Day 13: This morning I tuk-tuk’d (THB 50) to Wat Pan Tao, next to Wat Chedi Luang – one of my favourites. The temple itself is all teak, with huge teak pillars, so looks a little different from most of the others, but has a more simple beauty of its own. But what sets it apart for me is that, around the side and towards the back, they have a gorgeous display which changes depending on what festival happens to be on, or is just recently over. I haven’t yet seen it at Songkran, but am sure it would be interesting at that time. The permanent part of the display is a golden Bhudda who sits under a bhodi tree on a little island, past which a stream stocked with carp meanders. The stream is fed by a waterfall (sometimes not operating), and edged at one end with flowers. At, and just after, Flower Festival time, Bhudda sits among hundreds of tulips. At Loy Krathong, he is surrounded by hundreds of little dish oil lamps, and krathong lights float on the stream and lanterns are hung in the tree. Just magical at night!
In the afternoon I planned to go to renew acquaintances with Wat Doi Suthep – an absolute MUST in any Chiang Mai visit – and combine this with a trip out to Ratchapruek Royal Flora Park to see what it looks like without its big floral expo which only happens I think every 3 years. I’d heard it would be still worth a visit. So yesterday I rang Jeff Dechapun, who drives Nancy Chandler whenever she’s in Chiang Mai, and whose details she shares on her website. I definitely would not go up the mountain to Wat Doi Suthep by songtao, since it’s a winding road that would produce carsickness for me, plus you don’t get much of a view from inside a songtao. Mr Jeff arranged to pick me up at Baan Orapin, though when the car arrived it turned out that he sent Jit, which was fine – he was a good driver, fairly quiet. The cost was higher than I’ve paid Joy/Sunny for a similar tour, though I forgot to note how much.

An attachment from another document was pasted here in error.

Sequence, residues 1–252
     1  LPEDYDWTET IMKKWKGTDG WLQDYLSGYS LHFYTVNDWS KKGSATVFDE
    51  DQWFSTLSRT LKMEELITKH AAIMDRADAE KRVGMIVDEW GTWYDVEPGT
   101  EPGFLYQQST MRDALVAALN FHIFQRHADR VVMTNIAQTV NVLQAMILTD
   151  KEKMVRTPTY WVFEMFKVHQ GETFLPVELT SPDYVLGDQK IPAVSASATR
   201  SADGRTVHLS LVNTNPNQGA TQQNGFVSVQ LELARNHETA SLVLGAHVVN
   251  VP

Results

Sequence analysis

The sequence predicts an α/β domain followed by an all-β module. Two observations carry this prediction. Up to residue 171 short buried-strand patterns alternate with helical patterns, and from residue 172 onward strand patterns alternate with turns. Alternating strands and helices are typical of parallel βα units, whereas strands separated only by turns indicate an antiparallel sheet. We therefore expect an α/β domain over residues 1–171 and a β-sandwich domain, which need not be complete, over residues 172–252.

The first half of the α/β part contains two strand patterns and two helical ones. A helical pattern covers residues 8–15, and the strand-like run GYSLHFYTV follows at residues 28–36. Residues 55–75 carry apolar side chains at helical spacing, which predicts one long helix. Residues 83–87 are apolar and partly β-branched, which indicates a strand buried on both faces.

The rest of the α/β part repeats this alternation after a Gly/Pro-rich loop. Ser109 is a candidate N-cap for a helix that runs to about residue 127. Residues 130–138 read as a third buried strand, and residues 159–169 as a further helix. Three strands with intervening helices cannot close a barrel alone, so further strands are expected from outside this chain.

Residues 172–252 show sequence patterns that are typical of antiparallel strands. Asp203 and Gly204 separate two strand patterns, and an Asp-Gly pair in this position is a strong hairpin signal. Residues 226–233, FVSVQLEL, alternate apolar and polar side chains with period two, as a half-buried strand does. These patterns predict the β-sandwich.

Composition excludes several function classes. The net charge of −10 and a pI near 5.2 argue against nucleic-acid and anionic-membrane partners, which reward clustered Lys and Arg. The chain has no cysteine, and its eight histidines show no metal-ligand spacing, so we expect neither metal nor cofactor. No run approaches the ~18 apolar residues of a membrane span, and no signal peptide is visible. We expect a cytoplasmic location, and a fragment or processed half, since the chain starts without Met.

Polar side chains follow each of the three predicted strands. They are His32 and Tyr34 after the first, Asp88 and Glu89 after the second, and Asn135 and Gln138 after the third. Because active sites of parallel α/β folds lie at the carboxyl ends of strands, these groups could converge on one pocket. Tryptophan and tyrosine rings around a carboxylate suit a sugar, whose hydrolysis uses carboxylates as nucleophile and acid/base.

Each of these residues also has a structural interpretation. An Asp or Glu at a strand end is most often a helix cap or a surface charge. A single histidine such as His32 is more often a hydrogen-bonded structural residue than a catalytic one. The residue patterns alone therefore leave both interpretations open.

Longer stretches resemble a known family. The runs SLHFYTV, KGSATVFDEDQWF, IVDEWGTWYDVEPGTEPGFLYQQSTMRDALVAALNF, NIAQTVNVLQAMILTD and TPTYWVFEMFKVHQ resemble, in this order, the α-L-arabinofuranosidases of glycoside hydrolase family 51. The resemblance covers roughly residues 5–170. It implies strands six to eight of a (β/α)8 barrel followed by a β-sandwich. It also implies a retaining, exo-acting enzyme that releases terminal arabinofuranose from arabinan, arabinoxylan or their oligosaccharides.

Wat Doi Suthep’s grounds sported Valentine’s Day decorations (!) and looked its usual glorious self – though the view of the city was marred by the smog haze. This place is great for families – young and old love ringing the bells and, even apart from the sense of holiness and awe that it gives, there are a hundred great photo opportunities. Take the cable car up from the carpark, and walk back down the Naga staircase – about 300 steps.
Ratchapruek Royal Flora Park was beautiful in the late afternoon sunlight. Much quieter than a year ago when the expo was held, but a lovely place to visit, especially if you like gardens. Colourful statues “stroll” between lawns and trees. There are still quite a number of permanent pavilions, and it’s easy to get around by buying a ticket on the “hop-on, hop-off” tram-train that takes you right around the vast park. Be sure to hop off at the Royal Pavilion, a magnificent temple-like building set up high, surrounded by moat-lakes, where the much-loved King is honoured. I only had time for an hour or so of exploration, but could easily have spent longer.